But for the soulmates of Frank and Moses, the odyssey in friendship brooked no drawback, and the governing credo was “never say die!” A few years afterward, I was recalled home to Nigeria from the foreign information service to establish the Copyright Commission in Iganmu, Lagos; then to the former Cross River State as Commissioner of Information, Culture and Social Welfare; and subsequently that of Information in my newly created state of Akwa Ibom. Trust Frank, he was right on the spot at both locations with me to share in the euphoria and participate in the launch of the Akwa Ibom State-owned newspaper, The Pioneer, in the oil-rich city of Eket.
My sojourn in the Diplomatic service, National Population Commission, and even in my present job as Deputy Governor, all got spiced up by Frank who defied whatever distance it was that separated us in order to make himself personally available to be with me from time to time in London, Washington DC and other locations. In the text he sent to me upon my becoming Deputy Governor in 2015, he took ownership of that accomplishment in a way that only he could have done.
Thus, when I received the sad news of his passage last year, I knew for sure that the stellar heavens had just shed one of its brightest stars; and that I, as a person, had lost a loyal friend, a brother, a sincere companion and compatriot – someone who genuinely “rekindled the inner spirit” in me.
Virtue is said to be a syndrome. Frank Okonta’s abiding commitment to friendship also resulted in an unusual knack for prompt and excellent delivery in other areas. He was an accomplished art patron, the Nkem art gallery in Lekki Island, Lagos, which he established after his retirement from service, and his role as president of the Art Galleries Association of Nigeria (AGAN), bearing out his immense status in this regard.
Prior to his retirement from the Federal Ministry of Information as Deputy Director of Information in 1999, Frank served as a member of the VISION 2010 in the late General Sanni Abacha regime. He was also Secretary General of the Nigeria Olympic Committee; President of Cycling Federation of Nigeria; the Chairman of the Nigerian Boxing Association, and Special Assistant to the former Minister of Information, the late Senator Uche Chukwumerije.
It was indeed true of him to say that he had his finger in every pie, even as he made a success out of everything he touched. Frank was indeed an accomplished gentleman, and the loss implied in his passage will be difficult to fully quantify.
Against the backdrop of this overwhelming sense of loss, I ask with the Biblical Job; hoping for a reprieve for whatever it is worth: “If a man dies, will he live again? (Job 14:14). I know that Frank was a devout Catholic, and by lay assignment, the saint with similar name with him, the saint of God, Saint Francis of Asisi, is one of his Patron Saints.
For myself and others who have been weighed down in the last one year over the demise of Frank, I therefore invoke St. Francis of Asisi in his popular prayer for those suffering bereavement: “O Divine Master, grant that I may not so much seek to be consoled as to console; … for it is in dying that we are born to eternal life”.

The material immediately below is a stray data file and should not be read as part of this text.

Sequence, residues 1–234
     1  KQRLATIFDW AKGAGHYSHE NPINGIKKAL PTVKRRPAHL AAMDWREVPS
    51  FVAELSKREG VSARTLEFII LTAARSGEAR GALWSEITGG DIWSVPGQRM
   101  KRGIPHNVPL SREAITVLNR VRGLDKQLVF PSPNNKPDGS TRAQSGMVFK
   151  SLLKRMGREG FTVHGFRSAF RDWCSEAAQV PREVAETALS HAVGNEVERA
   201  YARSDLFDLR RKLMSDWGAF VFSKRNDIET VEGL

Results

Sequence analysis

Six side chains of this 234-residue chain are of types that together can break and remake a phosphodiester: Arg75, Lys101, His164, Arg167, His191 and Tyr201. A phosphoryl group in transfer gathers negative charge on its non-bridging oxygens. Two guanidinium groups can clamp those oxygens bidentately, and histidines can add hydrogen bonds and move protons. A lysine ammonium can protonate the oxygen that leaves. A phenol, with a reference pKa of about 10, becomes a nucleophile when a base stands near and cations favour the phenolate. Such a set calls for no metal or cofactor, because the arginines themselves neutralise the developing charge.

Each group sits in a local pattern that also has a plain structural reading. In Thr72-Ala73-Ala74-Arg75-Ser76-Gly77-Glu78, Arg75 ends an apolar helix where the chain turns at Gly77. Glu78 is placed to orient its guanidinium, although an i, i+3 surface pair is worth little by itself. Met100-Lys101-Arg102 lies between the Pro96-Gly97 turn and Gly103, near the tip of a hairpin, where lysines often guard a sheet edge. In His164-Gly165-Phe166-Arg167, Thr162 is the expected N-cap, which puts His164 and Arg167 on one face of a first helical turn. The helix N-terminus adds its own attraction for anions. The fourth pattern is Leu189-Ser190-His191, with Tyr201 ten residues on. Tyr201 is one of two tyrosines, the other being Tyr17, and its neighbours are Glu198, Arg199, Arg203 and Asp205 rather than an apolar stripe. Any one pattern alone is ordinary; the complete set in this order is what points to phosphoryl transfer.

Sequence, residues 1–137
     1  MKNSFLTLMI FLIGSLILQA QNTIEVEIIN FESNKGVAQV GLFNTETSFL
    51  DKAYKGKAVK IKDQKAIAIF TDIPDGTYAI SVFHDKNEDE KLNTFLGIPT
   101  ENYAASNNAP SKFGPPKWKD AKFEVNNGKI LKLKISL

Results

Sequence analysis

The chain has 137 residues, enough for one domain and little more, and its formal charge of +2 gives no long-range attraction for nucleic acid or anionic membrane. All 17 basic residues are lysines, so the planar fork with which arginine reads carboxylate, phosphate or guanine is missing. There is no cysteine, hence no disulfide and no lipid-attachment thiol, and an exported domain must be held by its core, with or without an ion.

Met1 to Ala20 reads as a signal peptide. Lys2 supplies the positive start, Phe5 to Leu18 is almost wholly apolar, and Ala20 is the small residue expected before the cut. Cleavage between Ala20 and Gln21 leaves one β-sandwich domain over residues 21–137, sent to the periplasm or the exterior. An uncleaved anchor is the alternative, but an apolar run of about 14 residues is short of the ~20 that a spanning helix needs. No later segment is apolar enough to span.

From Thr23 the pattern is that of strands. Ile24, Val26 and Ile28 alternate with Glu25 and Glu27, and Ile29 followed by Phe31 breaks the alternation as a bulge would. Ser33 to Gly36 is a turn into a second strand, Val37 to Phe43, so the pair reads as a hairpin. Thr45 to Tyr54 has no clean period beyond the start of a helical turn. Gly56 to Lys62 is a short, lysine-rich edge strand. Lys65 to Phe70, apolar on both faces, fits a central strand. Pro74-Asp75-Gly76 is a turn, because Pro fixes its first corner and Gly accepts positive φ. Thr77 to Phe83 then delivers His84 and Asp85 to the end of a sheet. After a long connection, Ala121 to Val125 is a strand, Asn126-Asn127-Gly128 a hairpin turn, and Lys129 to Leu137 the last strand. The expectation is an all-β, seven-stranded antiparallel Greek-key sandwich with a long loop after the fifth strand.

And then, the question again, “if a man dies will he live again?” In divine chronology, Job’s question waited long for an answer. Weary centuries rolled away; but at last the doubting, almost despairing cry, put into the mouth of the man of sorrows of the Old Testament is answered by the Man of Sorrows of the new: “I am the Resurrection, and the life: he that believeth in me, though he were dead, yet shall he live!” (John 11: 25-26). I can confirm that Frank Okonta was a believer in Christ; and, of course, his eternal destiny is covered by this promise of all promises – this assurance of all assurances, as prefigured in the Resurrection of Christ Himself, the ceremonial test-run for the general resurrection of believers in their own turn.
Yes, Frank lives on in his unprecedented legacies, in his offsprings, and wonderful wife, Patience, who are veritable clones of Frank himself. He lives on in the hearts of those lives he positively affected while he functioned in the material. He lives on in his unending network of friends. And most importantly, he lives on in the eternal continuum which has become his portion because of his Redeemer and Lord.
“When you go home, tell them of us and say, for your tomorrow, we gave our today”. This evocative epitaph is enshrined on the Kohima war memorial in Naga-land, India, built to commemorate soldiers of the empire who laid down their lives for their fellow country men.
If ever there was a fault that Frank could justifiably have been accused of, it would be the prodigality of giving. The definitive memory I have of him is that he was a giver. He gave, he gave, and finally he had given of himself in death.
One year on, I join our colleagues in our then Information Office in Ikoyi Road, Lagos, circle of friends and others, to remember and celebrate this rare gem. I pray that Almighty God grant us the enablement to fill the vacuum created by his exit.
Once again, good night Franki! May your gentle soul continue to rest in the bosom of the Lord till we meet again on the Resurrection Morning.